“One thing my mother never knew, and would disapprove of most of all, was that I watched the Garretts. All the time.”
The Garretts are everything the Reeds are not. Loud, numerous, messy, affectionate. And every day from her balcony perch, seventeen-year-old Samantha Reed wishes she was one of them . . . until one summer evening, Jase Garrett climbs her terrace and changes everything. As the two fall fiercely in love, Jase’s family makes Samantha one of their own. Then in an instant, the bottom drops out of her world and she is suddenly faced with an impossible decision. Which perfect family will save her? Or is it time she saved herself?
Tell Me More: The boy-next-door has always been one of my favourite tropes in literature and film, so it won’t come as a surprise that I wanted to read this book immediately after I heard about it. In fact, I even dedicated a Waiting on Wednesday post to talking about this book. There was a certain je ne sais quoi about that synopsis that assured me I would love Samantha’s story, and thankfully, I was right.
Samantha Reed is a wonderful character, layered with very real insecurities and doubts. Fitzpatrick’s careful reveal of Samantha’s family life is necessary to the integrity of the book, and it allows the reader to make their own conclusions about Samantha’s decisions. Fitzpatrick doesn’t ever excuse her characters for the things they do, but neither does she convict them unfairly. I loved the way the author handled the mother-daughter relationship without reducing it to a tired cliche–even as I grew annoyed with how her mother treated Samantha, I wanted them to fix things and love each other.
The idea of love reveals itself as a main theme in My Life Next Door, though maybe not in ways you would expect. There’s Exhibit A: the love of and within a family, as illustrated by the Garretts to great success, though not so much by the Reeds. Exhibit B: the love of power and ambition, as illustrated by Clay Tucker, and Grace Reed to a lesser extent. Exhibit C: love in a friendship, as shown through Nan and Tim’s respective relationships with Samantha. And lastly, Exhibit D: the love between two young people.
I thought Exhibits A and B were done extremely well in this book. The saying “It’s lonely at the top” popped into my head multiple times as I read about Grace Reed’s attempts to become a powerful person, with Clay’s “help.” The stark differences between the Reeds and the Garretts were never clearer than in the moment when Samantha realizes how far her mother was willing to go to feel good and confident about herself. Instead of finding strength and joy in her family, Grace Reed falters and places her faith in a man who admits to always backing the highest bidder. Samantha faces the same decisions, and she chooses to love and to heal with the help of people who accept her for who she is. It’s a powerful decision, and one that gives power to Samantha without destroying her integrity. Strangely enough, it reminded me of how Ron and Hermione from Harry Potter insisted that they would go with Harry wherever he needed to go, because they were his best friends. They drew strength and comfort from each other.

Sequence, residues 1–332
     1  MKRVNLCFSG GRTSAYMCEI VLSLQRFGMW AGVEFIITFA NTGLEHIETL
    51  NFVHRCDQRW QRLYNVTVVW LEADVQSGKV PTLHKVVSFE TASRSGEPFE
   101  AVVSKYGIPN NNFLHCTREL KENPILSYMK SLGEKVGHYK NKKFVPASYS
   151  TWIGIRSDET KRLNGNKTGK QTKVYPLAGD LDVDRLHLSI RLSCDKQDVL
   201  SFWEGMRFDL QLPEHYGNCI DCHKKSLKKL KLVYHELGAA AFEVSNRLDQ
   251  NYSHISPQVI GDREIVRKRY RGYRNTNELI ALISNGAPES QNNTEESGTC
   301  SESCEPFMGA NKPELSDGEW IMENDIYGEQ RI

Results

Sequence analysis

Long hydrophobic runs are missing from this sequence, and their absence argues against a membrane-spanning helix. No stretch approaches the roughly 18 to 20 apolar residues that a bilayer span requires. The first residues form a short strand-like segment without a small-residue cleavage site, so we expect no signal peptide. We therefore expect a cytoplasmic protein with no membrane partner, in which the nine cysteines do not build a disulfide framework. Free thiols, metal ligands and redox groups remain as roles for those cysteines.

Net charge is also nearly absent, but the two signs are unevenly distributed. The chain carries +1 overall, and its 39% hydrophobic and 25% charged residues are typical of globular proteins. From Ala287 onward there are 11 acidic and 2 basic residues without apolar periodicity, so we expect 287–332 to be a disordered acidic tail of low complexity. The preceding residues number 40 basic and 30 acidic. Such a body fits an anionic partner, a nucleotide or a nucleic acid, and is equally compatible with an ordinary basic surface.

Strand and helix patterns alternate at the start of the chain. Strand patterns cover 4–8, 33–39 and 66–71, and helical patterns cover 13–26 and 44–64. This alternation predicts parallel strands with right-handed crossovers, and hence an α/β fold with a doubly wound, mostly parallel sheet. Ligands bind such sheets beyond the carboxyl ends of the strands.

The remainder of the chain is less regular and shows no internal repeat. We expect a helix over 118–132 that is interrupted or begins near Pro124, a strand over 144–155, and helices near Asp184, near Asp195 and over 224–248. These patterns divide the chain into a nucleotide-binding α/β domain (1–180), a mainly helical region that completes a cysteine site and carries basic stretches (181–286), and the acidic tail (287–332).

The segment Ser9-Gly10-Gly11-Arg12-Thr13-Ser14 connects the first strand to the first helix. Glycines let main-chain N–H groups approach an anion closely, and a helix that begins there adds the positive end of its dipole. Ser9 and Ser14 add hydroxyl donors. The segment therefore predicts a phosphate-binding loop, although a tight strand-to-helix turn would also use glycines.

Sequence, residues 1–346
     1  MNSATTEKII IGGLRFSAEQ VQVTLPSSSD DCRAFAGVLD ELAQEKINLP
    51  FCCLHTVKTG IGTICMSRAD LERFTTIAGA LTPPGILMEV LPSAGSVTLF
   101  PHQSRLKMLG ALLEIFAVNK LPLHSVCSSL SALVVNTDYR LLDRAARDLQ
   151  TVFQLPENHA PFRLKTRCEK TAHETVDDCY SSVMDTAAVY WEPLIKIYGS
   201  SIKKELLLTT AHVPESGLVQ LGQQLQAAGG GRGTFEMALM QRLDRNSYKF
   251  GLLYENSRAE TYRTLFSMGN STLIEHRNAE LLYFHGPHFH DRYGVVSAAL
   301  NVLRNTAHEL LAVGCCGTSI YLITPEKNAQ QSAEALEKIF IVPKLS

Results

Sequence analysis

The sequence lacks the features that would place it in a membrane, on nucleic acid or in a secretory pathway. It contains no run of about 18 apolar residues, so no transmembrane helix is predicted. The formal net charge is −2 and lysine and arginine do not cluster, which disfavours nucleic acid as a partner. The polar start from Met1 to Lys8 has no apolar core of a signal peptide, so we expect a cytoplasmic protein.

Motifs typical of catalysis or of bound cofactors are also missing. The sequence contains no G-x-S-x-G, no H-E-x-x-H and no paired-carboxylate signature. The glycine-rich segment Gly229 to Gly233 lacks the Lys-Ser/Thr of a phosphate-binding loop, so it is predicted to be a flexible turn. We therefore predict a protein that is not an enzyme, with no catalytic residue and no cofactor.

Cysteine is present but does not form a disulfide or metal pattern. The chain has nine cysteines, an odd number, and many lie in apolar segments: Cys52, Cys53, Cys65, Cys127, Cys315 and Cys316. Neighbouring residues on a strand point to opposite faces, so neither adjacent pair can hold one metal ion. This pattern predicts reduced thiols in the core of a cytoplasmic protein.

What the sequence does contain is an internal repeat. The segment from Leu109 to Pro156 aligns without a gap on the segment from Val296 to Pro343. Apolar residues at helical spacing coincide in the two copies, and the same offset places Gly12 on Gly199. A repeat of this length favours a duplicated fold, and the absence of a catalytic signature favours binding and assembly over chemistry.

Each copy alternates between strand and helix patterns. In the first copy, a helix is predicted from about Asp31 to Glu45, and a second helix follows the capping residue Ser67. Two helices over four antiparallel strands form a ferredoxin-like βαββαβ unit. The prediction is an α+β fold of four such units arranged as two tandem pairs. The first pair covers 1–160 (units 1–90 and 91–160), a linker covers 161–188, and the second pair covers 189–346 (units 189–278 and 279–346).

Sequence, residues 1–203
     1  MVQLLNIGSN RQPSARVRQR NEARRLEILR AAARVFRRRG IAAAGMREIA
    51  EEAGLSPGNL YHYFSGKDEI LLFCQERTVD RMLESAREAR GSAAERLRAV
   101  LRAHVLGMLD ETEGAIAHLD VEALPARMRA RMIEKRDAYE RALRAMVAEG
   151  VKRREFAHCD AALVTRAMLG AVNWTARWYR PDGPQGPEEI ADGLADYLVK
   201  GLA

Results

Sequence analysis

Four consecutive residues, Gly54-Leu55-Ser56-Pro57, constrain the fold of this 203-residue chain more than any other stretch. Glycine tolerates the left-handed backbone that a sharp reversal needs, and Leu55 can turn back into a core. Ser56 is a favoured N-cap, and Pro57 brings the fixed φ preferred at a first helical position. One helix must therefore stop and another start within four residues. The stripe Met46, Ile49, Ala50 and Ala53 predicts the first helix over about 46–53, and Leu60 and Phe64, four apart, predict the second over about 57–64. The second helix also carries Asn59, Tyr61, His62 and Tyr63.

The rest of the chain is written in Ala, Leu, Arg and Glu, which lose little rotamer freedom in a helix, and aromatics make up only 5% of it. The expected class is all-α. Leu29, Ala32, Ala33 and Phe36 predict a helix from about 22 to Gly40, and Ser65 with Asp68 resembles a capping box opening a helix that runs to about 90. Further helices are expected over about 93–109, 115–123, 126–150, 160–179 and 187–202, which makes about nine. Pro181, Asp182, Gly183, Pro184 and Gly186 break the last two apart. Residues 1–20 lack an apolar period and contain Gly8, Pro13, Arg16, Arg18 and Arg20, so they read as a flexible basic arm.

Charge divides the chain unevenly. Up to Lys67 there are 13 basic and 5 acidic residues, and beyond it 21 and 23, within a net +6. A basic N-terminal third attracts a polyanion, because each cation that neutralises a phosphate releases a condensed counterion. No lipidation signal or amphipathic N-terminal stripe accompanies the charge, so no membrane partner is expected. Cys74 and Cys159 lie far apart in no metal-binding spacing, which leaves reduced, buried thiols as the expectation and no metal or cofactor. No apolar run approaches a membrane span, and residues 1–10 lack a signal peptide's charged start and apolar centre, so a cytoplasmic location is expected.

Unfortunately, the friendships in this book did not have positive results. Twins Nan and Tim, Samantha’s closest friends, are predictable at the start of the novel–it was very easy to side with smart, confident Nan against loser Tim. But as the novel progressed, I found it extremely gratifying that Tim would turn out to be more than what people assumed he’d be. Teenagers (and adults, for that matter) still make assumptions based on past mistakes and first impressions, and I loved that Fitzpatrick chose to illustrate how people you trust can still betray you, even when they don’t seem like they will. Nan’s fears made her into exactly the kind of person she didn’t want to be, but Tim’s solid decision to do the right thing helped him to become a good person.
The romance between Jase and Samantha is likewise a tale of opposites, but happily, they manage to fix things for the better. Jase was utterly enchanting, almost too perfect at times, but it was just so easy to love him. He was kind without being a saint, and he was understanding and loving towards everyone in his life. He cares for his family with consideration and compassion, and always, always protects them as best as he can. What young man would have the patience to deal with his terrified younger brother or a sister whose first word was poop? That requires a lot of courage, and beyond the physical and emotional appeal of such a character, it’s Jase’s willingness to make the best of everything he has that made me love him completely. He learned from Samantha, even as she learned from him, and I foresee them being very happy together in their imperfections. I don’t want perfect characters. I want real ones, people that make mistakes and get angry and still try their damnedest to be good people and love one another.
The Final Say: My Life Next Door is the perfect summer romance, on par with Sarah Dessen’s The Truth About Forever and Anna and the French Kiss by Stephanie Perkins. If you know me, you know that this is the highest compliment I can give a contemporary novel. In the last six months, I haven’t found many novels that can make me stop whatever I’m doing just so I can read, but I wouldn’t give back the three hours I spent savouring this novel for the world.